By Jennifer Glasse
Tahmina's enduring memory of living under the Taliban was crying all night just before Eid, one of the biggest celebrations in the Muslim calendar, because she couldn't go to the market in Kandahar with her mother to get treats.
The Taliban didn't allow women or girls out like that. She was then 11 years old and said she asked her mother that night why Afghanistan was the way it was.
Now 21, Tahmina is studying to be a midwife, taking a business-development course and has also learned English.
"We have good luck now,” she says. “Today we can come out of our homes, we can work, but we will always have security problems."
Tahmina covered her face, all except for her eyes, to speak to us on camera, reflecting the still-conservative attitudes here.
Despite threats against her school, and taunts by men in the street, she remains undaunted. "If we stop our life, or say 'security is not good, I won't go to work, then Afghanistan wouldn’t progress, like other countries," she said.
It will take Tahmina another two years to become a midwife. Just as NATO forces are scheduled to leave, in 2014.
Here in Kandahar, like with much of Afghanistan, it's difficult to know exactly what is going on.
The deputy police commander says the situation is "normal" and that his police have made the city safe. He also says 120 of his officers have been killed in the past three months.
While passing through security just to get to his office inside the police compound, our bags were searched four separate times, even though at least two of the stops were in full view of one another.
Distrust is to be expected in a country where a number of high-level officials have been murdered in their own homes or offices including the Afghan president's own brother, Ahmed Wali Karzai, in July here in Kandahar.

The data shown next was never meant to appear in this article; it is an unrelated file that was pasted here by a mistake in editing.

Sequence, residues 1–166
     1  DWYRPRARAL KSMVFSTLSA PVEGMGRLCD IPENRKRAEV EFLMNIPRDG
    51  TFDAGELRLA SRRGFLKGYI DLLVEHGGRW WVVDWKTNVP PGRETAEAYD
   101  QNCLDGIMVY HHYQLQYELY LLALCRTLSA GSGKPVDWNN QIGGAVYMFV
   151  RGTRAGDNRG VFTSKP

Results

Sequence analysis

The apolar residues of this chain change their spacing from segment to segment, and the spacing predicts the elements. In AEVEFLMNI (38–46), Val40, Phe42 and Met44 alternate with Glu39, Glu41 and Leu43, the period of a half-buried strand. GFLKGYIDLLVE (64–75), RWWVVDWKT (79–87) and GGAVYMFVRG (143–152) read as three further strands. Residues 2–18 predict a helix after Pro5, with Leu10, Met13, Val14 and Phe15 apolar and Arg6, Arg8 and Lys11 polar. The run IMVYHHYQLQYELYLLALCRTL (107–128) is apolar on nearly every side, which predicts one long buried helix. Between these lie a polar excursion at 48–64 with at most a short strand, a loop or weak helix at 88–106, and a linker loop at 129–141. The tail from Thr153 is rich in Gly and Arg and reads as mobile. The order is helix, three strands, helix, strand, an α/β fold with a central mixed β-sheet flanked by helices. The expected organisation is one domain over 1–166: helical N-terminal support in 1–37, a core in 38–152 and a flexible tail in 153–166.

Shopkeepers in the city were reluctant to talk about the Taliban, or security. One said that anyone who talks is killed.
Afghans say privately that the Taliban still has a lot of power in the countryside around Kandahar. NATO forces may patrol the area, but the Taliban threaten and cajole the local population.
The resurgence of the Taliban and its ally the Haqqani network around the country are not the only disappointments for an Afghan people who thought everything had changed a decade ago.
In the early years there were high hopes and expectations that after decades of war Afghanistan would now flourish. And in some ways it has. There are signs of prosperity in the cities.
Kabul and Kandahar have highrise buildings and new neighbourhoods. Afghans have cell phones, computer access and television among other things not allowed under Taliban rule.
Here in Kandahar, though, new building stalled about four years ago because of insecurity. Too may suicide bombers destroyed or damaged too many new sites, and people became reluctant to invest.
There is still only one hospital here, with just over 400 beds to serve the four million people of Afghanistan’s southern provinces. The ICRC spokeswoman says the population has a hard time getting to health care, because of mined roads, long detours and general insecurity. Poverty too plays a role.
Many rural Afghans she says will only seek medical help when it’s a serious case. Otherwise they don’t feel they can afford the travel or treatment.
Rural clinics are having problems too, according to the ICRC. Clinic staff are intimidated or threatened and some clinics are being used for non-medical activities, making them vulnerable to attack by Afghan authorities.
A report by a group of non-governmental organizations in Afghanistan, ACBAR, says the $57bn invested in healthcare and education over the past decade has brought progress, but called the standard of services "patchy and inadequate."
Some here say the expectations were just too high, and must be readjusted. Others believe more cultural understanding is needed to create lasting change here. And still others claim things are getting better, that it will just take more time.
But Afghans are definitely concerned.
On the heels of last month’s murder of the government’s top peace envoy, Burhanaddin Rabbini, an audacious assault on the US embassy and NATO headquarters in Kabul, as well as a host of other assassinations, and bold attacks in the past few months all over the country, security has become a major concern for many.
Insecurity creates uncertainty, uncertainty curbs progress, and that's exactly what opponents of the government or NATO forces seem to want.
It's pomegranate harvest time here in Kandahar a crop the region is famous for. Farmers have a dilemma. There are two main roads to bring their fruit to market.
One has been closed by the Taliban, the other by NATO's ISAF forces. Many here still aren’t sure which one to turn to.
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|William A. Cook|